DUBAI, United Arab Emirates (AP) — An Iranian-British woman serving a five-year prison sentence in Iran for plotting the “soft toppling” of its government while traveling with her toddler daughter faces new charges that could add 16 years to her sentence, her husband said Monday.
Nazanin Zaghari-Ratcliffe faced a court hearing Sunday at Tehran’s infamous Evin prison where she heard of the new charges being brought against her by Iran’s paramilitary Revolutionary Guard, which prevent her from seeking early release next month.
Zaghari-Ratcliffe pleaded innocent to the new charges, which involve her previously working for the BBC and being a current employee of the Thomson Reuters Foundation, the charitable arm of the news agency, her husband Richard Ratcliffe said.
“Thanks to the Revolutionary Guard’s antics, this is a justice system that can no longer look its victims in the eye, can no longer look itself in the mirror,” Ratcliffe said in a statement.
The British Foreign Office and Iran’s mission at the United Nations did not immediately respond to a request for comment. State media in Iran also did not immediately report on the new charges.
Monique Villa, the CEO of the Thomson Reuters Foundation, called Zaghari-Ratcliffe’s treatment at the hands of Iran “harrowing” and demanded that “these ludicrous charges must be dropped immediately.”
“This inhumane treatment is breaking up a young family and has already caused irreparable damage to Nazanin’s physical and mental health,” Villa said in a statement.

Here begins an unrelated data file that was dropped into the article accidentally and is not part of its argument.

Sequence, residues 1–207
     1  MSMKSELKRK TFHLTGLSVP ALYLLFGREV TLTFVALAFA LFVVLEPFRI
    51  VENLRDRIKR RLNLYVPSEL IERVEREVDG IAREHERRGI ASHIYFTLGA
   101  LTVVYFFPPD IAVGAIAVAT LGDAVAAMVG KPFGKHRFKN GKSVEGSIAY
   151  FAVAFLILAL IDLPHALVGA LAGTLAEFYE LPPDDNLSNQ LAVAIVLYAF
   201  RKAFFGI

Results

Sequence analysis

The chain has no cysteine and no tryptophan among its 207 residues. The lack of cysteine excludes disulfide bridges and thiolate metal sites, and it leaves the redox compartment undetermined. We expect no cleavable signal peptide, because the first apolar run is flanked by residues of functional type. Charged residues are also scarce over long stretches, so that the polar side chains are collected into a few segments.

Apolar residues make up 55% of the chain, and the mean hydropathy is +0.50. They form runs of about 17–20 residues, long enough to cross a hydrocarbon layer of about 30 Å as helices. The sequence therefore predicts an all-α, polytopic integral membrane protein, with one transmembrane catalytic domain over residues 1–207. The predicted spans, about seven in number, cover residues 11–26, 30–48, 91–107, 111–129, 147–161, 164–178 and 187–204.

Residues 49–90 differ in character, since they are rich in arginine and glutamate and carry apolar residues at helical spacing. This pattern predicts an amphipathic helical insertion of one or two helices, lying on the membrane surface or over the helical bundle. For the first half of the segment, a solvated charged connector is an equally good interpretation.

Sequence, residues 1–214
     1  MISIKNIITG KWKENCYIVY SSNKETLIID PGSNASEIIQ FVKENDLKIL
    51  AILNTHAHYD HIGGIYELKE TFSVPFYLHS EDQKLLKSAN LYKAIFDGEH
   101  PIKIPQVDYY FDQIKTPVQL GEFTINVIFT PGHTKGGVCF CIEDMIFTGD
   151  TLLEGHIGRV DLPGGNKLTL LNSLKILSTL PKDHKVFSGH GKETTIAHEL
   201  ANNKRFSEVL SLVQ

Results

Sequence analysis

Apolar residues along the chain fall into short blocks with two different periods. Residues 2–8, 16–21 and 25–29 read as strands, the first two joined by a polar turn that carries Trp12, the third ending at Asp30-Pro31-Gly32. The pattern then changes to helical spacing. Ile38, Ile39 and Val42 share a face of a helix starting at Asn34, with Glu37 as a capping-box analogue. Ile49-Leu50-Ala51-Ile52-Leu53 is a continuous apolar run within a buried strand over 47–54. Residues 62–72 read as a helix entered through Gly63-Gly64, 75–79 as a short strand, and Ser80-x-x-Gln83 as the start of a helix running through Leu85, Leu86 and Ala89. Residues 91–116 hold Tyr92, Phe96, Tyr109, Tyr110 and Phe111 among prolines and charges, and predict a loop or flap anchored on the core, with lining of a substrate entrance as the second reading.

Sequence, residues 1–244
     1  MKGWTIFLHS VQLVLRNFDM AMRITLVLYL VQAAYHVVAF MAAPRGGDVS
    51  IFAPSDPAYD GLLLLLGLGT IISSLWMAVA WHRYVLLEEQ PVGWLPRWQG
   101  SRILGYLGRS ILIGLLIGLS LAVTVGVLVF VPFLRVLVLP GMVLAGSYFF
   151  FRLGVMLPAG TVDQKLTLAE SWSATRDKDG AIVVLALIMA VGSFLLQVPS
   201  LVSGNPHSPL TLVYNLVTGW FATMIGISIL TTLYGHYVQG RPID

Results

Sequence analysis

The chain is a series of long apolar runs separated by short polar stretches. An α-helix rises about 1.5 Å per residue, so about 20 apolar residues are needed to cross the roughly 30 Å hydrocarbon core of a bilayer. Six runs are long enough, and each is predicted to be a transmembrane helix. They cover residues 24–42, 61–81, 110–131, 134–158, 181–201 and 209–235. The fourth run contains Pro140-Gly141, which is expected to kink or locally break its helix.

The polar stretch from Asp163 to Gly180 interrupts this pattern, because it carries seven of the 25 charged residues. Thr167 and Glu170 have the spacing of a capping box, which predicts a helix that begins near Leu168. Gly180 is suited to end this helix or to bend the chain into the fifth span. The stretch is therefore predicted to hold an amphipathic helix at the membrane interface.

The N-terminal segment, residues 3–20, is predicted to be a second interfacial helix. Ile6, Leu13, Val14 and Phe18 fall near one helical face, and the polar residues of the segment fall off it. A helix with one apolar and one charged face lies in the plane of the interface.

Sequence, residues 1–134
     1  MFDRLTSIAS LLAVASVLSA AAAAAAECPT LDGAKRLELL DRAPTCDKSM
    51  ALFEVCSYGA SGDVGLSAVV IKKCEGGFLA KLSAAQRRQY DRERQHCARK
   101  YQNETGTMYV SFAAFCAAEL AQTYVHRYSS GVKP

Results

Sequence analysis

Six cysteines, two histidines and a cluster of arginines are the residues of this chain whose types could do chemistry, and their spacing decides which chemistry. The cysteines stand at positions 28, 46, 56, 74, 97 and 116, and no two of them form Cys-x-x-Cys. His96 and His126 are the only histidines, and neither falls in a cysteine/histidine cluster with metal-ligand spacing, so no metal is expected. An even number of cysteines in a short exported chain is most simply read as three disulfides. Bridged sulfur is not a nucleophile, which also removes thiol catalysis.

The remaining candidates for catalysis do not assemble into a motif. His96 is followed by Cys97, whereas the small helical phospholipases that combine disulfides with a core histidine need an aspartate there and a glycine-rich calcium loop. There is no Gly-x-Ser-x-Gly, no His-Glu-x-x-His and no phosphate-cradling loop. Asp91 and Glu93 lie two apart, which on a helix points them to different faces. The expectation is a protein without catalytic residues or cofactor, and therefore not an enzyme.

Iranian news agencies have said Zaghari-Ratcliffe was convicted of plotting the “soft toppling” of Iran’s government while traveling to visit her parents with her young daughter in 2016. Her family says the Guard tried to get her to confess on camera that she trained and recruited spies, a charge she denied.
Zaghari-Ratcliffe is one of several dual nationals held in Iran by hard-liners in the country’s judiciary and security services on espionage charges, likely to be used as bargaining chips in future negotiations with the West. A U.N. panel of experts recently described the practice as part of an “emerging pattern” since the 2015 Iran nuclear deal.
Iran does not recognize dual nationalities, so such detainees cannot receive consular assistance. In most cases, dual nationals have faced secret charges in closed-door hearings.
Others with ties to the West detained in Iran include Chinese-American graduate student Xiyue Wang, who was sentenced to 10 years in prison in Iran for allegedly “infiltrating” the country while doing doctoral research on Iran’s Qajar dynasty. Iranian-Canadian national Abdolrasoul Dorri Esfahani, who helped his country negotiate the nuclear deal, received a five-year prison sentence on espionage charges.
Iranian businessman Siamak Namazi and his 81-year-old father Baquer, a former UNICEF representative who served as governor of Iran’s oil-rich Khuzestan province under the U.S.-backed shah, are both serving 10-year prison sentences on espionage.
Iranian-American Robin Shahini was released on bail last year after staging a hunger strike while serving an 18-year prison sentence for “collaboration with a hostile government.” Shahini is believed to still be in Iran.
Also in an Iranian prison is Nizar Zakka, a U.S. permanent resident from Lebanon who advocates for internet freedom and has done work for the U.S. government. He was sentenced to 10 years last year on espionage-related charges.
Former FBI agent Robert Levinson, who disappeared in Iran in 2007 while on an unauthorized CIA mission, remains missing as well.